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Originally Posted by ~Cricket~ View Post
1. The baby is in a bad position. Posterior, or head angled off to the side, or whatever. Chiropractic care during pregnancy, using some of the maneuvers from the Spinning Babies website, and then staying active during labor and using different positions (with waters intact if possible, so that baby has a little extra room to move) can help get the baby into a good position to be born. An epidural keeps you flat on your back, which is not helpful for getting a poorly positioned baby straightened out.
2. The woman has some deep-seated fears or emotional issues that are keeping her from progressing. Oxytocin is the hormone of labor, and if you are really scared or stressed, your body won't release enough oxytocin for an effective labor.
3. The woman is uncomfortable with someone giving her care. Maybe a shift change, and a new nurse, or a doctor who is too abrupt or cold, or whatever. Someone new or someone you're uncomfortable with can really hinder your progress in labor.

Chances are good that one or more of these things were an issue in your first delivery, and those could definitely be managed or avoided the second time around. As I said before, you'd be a great candidate for a VBAC, with the right support.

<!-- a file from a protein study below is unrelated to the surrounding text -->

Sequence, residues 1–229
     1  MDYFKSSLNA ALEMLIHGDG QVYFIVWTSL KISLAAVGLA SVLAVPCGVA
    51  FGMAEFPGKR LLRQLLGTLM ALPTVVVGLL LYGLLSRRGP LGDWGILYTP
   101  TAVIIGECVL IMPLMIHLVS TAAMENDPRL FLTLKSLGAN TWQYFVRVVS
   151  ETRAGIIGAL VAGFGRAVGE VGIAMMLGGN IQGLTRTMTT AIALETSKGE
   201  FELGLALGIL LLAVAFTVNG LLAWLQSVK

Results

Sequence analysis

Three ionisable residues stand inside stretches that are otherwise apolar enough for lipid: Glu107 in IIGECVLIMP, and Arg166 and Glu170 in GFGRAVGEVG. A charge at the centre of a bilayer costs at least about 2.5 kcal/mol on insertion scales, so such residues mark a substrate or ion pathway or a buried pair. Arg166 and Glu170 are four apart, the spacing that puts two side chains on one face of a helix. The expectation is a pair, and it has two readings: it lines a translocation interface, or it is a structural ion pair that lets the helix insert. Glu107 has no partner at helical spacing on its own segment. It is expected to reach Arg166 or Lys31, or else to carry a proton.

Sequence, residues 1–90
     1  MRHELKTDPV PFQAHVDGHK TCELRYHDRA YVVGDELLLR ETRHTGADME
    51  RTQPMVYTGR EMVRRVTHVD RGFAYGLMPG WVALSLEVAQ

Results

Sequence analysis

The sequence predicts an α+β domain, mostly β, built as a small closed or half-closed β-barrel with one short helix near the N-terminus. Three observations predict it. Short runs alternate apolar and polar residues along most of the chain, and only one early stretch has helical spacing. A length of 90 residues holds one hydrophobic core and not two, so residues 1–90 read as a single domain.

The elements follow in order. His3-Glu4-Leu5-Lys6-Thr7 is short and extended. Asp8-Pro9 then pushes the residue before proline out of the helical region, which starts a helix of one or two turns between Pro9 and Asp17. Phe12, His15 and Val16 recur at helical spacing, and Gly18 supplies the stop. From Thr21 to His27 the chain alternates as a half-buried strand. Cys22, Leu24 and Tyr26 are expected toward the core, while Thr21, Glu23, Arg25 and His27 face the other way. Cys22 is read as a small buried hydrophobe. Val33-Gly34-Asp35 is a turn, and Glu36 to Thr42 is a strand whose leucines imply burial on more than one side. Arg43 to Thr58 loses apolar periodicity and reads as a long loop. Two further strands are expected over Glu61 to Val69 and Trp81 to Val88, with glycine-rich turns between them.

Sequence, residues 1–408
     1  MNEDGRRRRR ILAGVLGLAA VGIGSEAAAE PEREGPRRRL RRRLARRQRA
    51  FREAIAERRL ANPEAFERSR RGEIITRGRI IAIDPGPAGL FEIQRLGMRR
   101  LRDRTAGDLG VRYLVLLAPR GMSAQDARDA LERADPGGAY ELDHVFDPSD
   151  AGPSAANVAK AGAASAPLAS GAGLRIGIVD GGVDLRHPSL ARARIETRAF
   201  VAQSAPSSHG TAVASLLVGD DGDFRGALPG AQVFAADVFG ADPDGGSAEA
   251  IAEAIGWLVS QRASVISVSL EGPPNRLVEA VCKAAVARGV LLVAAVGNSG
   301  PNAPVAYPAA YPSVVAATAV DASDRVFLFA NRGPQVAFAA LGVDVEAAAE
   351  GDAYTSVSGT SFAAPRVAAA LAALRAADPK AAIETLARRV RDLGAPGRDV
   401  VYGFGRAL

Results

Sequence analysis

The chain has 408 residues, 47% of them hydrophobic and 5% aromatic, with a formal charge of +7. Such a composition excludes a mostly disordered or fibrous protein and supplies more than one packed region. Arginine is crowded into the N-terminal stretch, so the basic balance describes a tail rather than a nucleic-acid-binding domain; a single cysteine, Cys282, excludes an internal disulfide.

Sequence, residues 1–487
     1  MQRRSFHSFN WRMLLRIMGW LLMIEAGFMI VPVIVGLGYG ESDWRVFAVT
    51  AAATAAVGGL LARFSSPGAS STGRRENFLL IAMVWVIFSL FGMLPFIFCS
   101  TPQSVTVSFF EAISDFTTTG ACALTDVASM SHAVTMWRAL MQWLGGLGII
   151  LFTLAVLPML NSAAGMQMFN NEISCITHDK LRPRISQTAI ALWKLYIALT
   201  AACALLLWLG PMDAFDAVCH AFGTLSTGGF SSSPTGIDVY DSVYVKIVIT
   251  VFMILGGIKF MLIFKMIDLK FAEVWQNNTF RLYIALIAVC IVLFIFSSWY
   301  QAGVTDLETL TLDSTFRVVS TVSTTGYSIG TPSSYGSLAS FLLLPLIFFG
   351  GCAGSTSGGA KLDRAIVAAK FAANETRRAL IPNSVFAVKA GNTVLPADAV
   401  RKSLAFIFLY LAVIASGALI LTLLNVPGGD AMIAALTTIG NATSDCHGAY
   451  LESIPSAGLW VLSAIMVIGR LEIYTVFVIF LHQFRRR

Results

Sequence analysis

This^ and to add to it, simply heading to the unfamiliarity of the hospital so early in labor (not to mention the loss of control that a hospital brings--his anxiety, acknowleged or not, could contribute to your state of mind) can trigger anxiety and fear that prevents progression. Someone who's only in the very early stages of labor and not in the right mindset can clam up and not even drugs can force the birth.
Water breaking (so long as it's not black/green) is not a signal to rush to the hospital. Relax and allow labor to get to a quick pace before heading in. You've got a whole day or longer even (depending on the caregiver) before ruptured membranes pose even a slight risk.

Even if you ultimately choose repeat sec, going into labor is good for the baby. Those squeezes from the contractions are important preparation for baby's lung's first breath.
Don't choose repeat section based on wanting to schedule the birth. You should go into labor spontaneously, call and let the doc know it's time, schedule the surgery then, labor for a good while and then check in for the surgery.
Also, if you repeat section, be sure to request that when you're sewn up it is done in two stitches, the uterus first then the muscle. A lot of drs are saving time by doing it in one stitch and that is a big factor in increased risk of rupture, especially when uterine stimulants are used or with multiple surgeries.